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Fred’s Head, offered by the American Printing House for the Blind, contains tips, techniques, tutorials, in-depth articles, and resources for and by blind or visually impaired people. Our blog is named after the legendary Fred Gissoni, renowned for answering a seemingly infinite variety of questions on every aspect of blindness.

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Thursday, June 07, 2007

reCAPTCHA That CAPTCHA

A CAPTCHA is a program that can tell whether its user is a human or a computer. You've probably come in contact with them, colorful images with distorted text at the bottom of Web registration forms that are totally inaccessible to screen readers and some screen magnification programs. CAPTCHAs are used by many websites to prevent abuse from "bots," or automated programs usually written to generate spam. No computer program can read distorted text as well as humans can, so bots cannot navigate sites protected by CAPTCHAs.

About 60 million CAPTCHAs are solved by humans around the world every day. In each case, roughly ten seconds of human time are being spent. Individually, that's not a lot of time, but in aggregate these little puzzles consume more than 150,000 hours of work each day. What if we could make positive use of this human effort and make it easier for the blind to solve these electronic puzzles? reCAPTCHA does exactly that by channeling the effort spent solving CAPTCHAs online into "reading" books.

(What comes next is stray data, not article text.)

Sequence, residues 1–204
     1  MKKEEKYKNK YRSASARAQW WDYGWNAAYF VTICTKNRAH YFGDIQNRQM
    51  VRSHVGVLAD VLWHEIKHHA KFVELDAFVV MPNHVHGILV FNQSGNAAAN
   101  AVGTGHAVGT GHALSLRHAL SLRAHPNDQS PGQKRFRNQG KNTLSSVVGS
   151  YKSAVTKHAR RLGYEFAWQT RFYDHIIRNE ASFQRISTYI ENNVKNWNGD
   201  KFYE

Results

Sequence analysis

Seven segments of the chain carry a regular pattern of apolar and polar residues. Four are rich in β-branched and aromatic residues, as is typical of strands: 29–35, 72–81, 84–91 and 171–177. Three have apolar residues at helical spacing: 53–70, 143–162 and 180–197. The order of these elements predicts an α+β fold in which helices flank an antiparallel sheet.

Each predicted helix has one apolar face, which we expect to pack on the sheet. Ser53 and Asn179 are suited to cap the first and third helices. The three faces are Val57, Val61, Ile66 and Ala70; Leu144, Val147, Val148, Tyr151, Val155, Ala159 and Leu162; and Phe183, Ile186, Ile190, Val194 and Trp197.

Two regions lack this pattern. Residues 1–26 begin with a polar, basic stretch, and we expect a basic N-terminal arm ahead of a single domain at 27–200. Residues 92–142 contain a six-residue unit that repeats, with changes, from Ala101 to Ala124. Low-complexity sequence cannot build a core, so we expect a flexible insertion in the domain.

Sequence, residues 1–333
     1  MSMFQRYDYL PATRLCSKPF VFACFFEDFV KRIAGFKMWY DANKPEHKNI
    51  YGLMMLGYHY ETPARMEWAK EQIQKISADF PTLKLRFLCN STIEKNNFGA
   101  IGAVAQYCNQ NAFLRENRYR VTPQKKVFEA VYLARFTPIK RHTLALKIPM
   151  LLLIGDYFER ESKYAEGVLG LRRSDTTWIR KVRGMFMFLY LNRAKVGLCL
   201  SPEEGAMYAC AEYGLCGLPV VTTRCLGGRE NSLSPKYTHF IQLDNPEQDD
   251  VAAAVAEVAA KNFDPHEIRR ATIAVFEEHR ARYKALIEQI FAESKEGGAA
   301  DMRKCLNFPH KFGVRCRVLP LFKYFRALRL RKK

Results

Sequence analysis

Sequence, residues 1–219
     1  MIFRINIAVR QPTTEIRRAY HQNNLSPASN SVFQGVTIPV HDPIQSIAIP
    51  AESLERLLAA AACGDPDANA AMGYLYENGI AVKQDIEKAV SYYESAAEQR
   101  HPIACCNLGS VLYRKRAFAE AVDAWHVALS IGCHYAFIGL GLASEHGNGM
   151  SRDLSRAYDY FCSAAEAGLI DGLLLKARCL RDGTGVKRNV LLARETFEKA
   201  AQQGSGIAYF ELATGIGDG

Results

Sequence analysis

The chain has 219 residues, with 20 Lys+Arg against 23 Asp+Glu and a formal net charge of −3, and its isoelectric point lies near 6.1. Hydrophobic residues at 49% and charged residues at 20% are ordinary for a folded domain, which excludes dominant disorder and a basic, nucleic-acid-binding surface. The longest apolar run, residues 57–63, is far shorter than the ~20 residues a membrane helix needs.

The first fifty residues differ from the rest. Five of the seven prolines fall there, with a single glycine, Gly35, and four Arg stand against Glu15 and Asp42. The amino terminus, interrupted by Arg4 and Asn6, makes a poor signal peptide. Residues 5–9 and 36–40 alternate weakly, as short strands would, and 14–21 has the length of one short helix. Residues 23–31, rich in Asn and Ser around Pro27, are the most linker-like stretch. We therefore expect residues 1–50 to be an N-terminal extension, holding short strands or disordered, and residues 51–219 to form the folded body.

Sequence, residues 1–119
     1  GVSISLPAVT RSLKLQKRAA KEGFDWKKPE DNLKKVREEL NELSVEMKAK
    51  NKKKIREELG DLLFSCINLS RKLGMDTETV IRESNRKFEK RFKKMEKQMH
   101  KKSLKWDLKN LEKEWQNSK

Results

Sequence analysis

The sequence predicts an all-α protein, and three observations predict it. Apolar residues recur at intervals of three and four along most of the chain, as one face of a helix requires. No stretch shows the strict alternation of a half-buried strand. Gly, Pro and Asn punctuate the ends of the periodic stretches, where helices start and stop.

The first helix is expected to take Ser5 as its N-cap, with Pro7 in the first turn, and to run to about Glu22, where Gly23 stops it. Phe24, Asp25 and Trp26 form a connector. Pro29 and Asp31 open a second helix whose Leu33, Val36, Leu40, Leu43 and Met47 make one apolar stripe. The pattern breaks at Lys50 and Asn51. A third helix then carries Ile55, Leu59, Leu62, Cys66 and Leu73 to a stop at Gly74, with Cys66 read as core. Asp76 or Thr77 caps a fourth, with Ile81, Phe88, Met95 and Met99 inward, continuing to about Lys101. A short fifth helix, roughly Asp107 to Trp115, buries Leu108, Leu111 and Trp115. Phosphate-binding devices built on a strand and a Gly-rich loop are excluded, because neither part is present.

To archive human knowledge and to make information more accessible to the world, multiple projects are currently digitizing physical books that were written before the computer age. The book pages are being photographically scanned, and then, to make them searchable, transformed into text using "Optical Character Recognition" (OCR). The transformation into text is useful because scanning a book produces images, which are difficult to store on small devices, expensive to download, and cannot be searched. The problem is that OCR is not perfect.

reCAPTCHA improves the process of digitizing books by sending words that cannot be read by computers to the Web in the form of CAPTCHAs for humans to decipher. More specifically, each word that cannot be read correctly by OCR is placed on an image and used as a CAPTCHA. This is possible because most OCR programs alert you when a word cannot be read correctly.

But if a computer can't read such a CAPTCHA, how does the system know the correct answer to the puzzle? Here's how: Each new word that cannot be read correctly by OCR is given to a user in conjunction with another word for which the answer is already known. The user is then asked to read both words. If they solve the one for which the answer is known, the system assumes their answer is correct for the new one. The system then gives the new image to a number of other people to determine, with higher confidence, whether the original answer was correct.

reCAPTCHA also provides audible methods to solve their CAPTCHAs. Instead of using a combination of numbers and letters, which can be confusing and difficult to understand, reCAPTCHA uses eight numbers to solve their puzzles. By using numbers only, the puzzles are easier to solve.

Click this link to learn more about reCAPTCHA by visiting their website at http://recaptcha.net.

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